Graduates from Foreign Medical Schools and California Medical Board Licensing

California's Medical Board maintains a website with a host of information, including a list of all approved medical schools, in the U.S. and Canada as well as throughout the world.  It is easy to check whether a particular medical school has received Board recognition: simply go to and the list will appear. To determine whether a foreign medical school is unrecognized (assuming it is not on the disapproved "short list") the Medical Board suggests you simply check the country and schools listed on its website roster of approved schools. If your school does not appear, it is either disapproved or yet unrecognized.

It is amazing to me that significant numbers of foreign medical school graduates end up frustrated, angry and desperate after completing the expensive, time-consuming and often grueling coursework leading to a foreign medical degree, only to find they cannot train postgraduate or become licensed in California because they attended a disapproved school.  The actual list of officially disapproved schools is rather small:

1. CETEC University, Santo Domingo (closed) 05-19-83 2. CIFAS University, Santo Domingo (closed) 11-16-84 3. UTESA University, Santo Domingo 07-13-85
disapproval reaffirmed 02-07-97 4. World University, Santo Domingo (closed) 12-01-89 5. Spartan Health Sciences University, St. Lucia 06-13-85 6. University of Health Sciences Antigua, St. John's 07-28-95 7. Universidad Eugenio Maria de Hostos (UNIREMHOS), Dom. Rep. 11-01-96 8. Universidad Federico Henriquez y Carvajal, Dom. Rep. 07-31-98 9. St. Matthew's University, Grand Cayman 02-18-05 10. Kigezi International School of Medicine, Cambridge, England and Uganda 11-02-07

On the other hand, the number of unrecognized yet not disapproved foreign medical schools may be significantly larger, and may be approved at some time in the future but not recognized at the time the graduate applies for California medical board licensing. One such school I recently learned of by way of contact from a Californian studying in Australia is Bond Medical School.  Because no Bond graduate had previously applied for a California license and the school has not yet undergone the approval process, Bond remains unrecognized, despite the fact that its faculty and curriculum more or less mirrors eleven Australian medical schools which are recognized.   In its favor, Bond is a non-profit institution. (Public schools and private-non-profit schools are more likey to achieve California recognition than for-profit institutions.) Bond, once it applies, will likely be approved.  Until then, however, my hapless potential client remains out of luck, unless he eventually fits the exception discussed below (after ten years of discipline-free practice in another jurisdiction).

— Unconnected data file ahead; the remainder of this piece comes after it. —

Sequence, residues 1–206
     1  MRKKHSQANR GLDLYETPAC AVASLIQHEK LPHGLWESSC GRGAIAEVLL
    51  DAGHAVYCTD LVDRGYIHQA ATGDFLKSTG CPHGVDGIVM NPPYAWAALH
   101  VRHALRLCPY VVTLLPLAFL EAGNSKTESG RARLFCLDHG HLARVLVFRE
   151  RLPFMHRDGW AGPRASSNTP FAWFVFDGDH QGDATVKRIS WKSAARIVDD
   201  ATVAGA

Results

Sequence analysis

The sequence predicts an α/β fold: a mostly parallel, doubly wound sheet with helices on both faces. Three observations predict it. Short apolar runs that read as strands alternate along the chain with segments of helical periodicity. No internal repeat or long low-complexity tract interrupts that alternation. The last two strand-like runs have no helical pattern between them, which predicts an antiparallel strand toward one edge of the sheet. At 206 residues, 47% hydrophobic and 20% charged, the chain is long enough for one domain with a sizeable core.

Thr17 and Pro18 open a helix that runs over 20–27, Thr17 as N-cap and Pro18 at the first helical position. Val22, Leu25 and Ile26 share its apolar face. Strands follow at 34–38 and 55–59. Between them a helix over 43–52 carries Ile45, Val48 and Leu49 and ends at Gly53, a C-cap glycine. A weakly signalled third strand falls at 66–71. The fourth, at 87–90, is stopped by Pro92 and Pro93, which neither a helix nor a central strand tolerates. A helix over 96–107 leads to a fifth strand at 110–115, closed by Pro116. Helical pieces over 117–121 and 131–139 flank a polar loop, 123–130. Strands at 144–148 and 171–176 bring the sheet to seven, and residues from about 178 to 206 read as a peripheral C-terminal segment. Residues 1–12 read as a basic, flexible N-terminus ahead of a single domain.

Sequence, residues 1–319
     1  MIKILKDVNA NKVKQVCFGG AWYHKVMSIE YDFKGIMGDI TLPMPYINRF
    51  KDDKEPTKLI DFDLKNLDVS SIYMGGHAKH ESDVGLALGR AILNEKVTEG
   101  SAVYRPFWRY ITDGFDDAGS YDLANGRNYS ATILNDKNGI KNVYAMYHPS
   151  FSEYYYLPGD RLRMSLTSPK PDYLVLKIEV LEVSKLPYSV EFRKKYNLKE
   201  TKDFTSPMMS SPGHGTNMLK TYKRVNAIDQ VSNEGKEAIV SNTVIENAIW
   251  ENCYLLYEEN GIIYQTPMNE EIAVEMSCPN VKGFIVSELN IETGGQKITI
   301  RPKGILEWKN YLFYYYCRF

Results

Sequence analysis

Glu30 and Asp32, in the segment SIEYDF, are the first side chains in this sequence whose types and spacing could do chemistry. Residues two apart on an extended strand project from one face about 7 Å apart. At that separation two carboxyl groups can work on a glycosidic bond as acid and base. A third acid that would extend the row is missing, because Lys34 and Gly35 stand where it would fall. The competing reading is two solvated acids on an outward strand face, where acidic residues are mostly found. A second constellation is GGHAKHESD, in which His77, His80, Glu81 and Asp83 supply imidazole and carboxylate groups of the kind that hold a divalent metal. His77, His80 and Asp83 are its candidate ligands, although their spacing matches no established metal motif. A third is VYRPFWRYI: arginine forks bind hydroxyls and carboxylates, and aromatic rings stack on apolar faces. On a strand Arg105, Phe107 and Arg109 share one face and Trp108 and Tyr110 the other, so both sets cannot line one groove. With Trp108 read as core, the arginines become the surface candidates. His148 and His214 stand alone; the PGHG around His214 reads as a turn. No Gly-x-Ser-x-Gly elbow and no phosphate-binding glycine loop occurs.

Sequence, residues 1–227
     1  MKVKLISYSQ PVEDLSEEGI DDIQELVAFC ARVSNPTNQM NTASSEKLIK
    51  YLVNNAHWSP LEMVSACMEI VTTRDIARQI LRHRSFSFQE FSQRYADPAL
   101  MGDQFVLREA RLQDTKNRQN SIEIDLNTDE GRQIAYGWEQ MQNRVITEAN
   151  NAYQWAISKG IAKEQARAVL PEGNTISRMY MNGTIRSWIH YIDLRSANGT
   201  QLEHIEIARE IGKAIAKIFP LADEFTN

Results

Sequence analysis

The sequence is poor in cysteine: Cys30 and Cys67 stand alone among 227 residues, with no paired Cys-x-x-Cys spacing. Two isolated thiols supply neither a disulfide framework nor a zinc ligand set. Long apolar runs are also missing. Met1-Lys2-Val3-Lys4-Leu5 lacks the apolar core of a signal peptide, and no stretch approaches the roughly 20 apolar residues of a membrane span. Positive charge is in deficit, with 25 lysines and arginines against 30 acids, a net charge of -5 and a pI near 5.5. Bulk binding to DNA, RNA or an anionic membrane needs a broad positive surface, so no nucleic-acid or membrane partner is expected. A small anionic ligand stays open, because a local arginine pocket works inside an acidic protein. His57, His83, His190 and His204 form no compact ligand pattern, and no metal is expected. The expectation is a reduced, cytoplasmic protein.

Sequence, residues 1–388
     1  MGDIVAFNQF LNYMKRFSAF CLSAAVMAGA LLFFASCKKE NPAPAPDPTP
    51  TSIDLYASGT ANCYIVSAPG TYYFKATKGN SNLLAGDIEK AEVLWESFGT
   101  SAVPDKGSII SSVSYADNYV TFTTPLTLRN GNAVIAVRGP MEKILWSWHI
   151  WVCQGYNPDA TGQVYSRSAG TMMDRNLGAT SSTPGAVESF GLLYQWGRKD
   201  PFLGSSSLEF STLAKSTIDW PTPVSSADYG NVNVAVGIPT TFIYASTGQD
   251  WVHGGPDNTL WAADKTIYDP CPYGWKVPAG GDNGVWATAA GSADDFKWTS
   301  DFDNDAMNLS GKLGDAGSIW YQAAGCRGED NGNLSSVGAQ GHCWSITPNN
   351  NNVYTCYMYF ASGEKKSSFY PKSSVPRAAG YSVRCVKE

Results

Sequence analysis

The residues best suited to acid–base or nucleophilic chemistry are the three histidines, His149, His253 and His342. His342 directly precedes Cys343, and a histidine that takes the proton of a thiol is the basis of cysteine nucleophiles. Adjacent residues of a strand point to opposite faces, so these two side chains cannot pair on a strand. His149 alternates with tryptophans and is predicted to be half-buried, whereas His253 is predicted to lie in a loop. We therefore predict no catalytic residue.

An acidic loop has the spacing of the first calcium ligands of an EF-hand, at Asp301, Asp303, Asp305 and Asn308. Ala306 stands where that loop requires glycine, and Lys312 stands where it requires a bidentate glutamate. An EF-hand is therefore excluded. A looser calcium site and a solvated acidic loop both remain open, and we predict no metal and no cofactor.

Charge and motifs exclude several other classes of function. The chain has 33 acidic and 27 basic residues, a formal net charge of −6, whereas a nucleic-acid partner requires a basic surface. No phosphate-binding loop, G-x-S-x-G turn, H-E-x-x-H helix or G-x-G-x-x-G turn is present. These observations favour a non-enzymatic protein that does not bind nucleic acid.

In 2012 the California Legislature enacted a major change to the law pertaining to licensing of applicants from both unrecognized and disapproved medical schools: Business and Professions Code Section 2135.7.  This statute authorizes the Medical Board to grant a license to an applicant from an unrecognized medical school after the applicant has completed ten years of discipline-free practice as a licensee of another state or states, so long as the applicant is Board certified in their area of specialization, completed at least three years of approved (ACGME) postgraduate training, and has passed all required exams (USMLE's). A graduate of a disapproved medical school may be licensed after twelve years of discipline-free practice in another state or states, with the same requirements. 

I recall when I was serving as a Deputy Attorney General assigned to the Licensing Division of the California Medical Board that we were informed that the Medical School of the Americas, an institution set up by Fidel Castro in Cuba as an "in your face" to the American medical school establishment was about to graduate its first Californian who would no doubt be seeking a California license.  This set in motion discussion about the recognition process and a debate about how and whether an on-site visit to Cuba  might be required.

At any rate, if you are pursuing a medical education and there is a chance you may end up in a foreign medical school, it would behoove you to visit the California Medical Board's website and check its list of recognized for state-side and foreign medical schools if you wish to avoid heartache and aggravation later on when seeking a postgraduate training authorization letter (PTAL) or California Medical License.  Make sure the school you attend is recognized before investing the time, effort and money in a foreign medical education.

If  you have questions or need legal advice on foreign medical degrees and getting licensed or authorized to train in California, contact the author.

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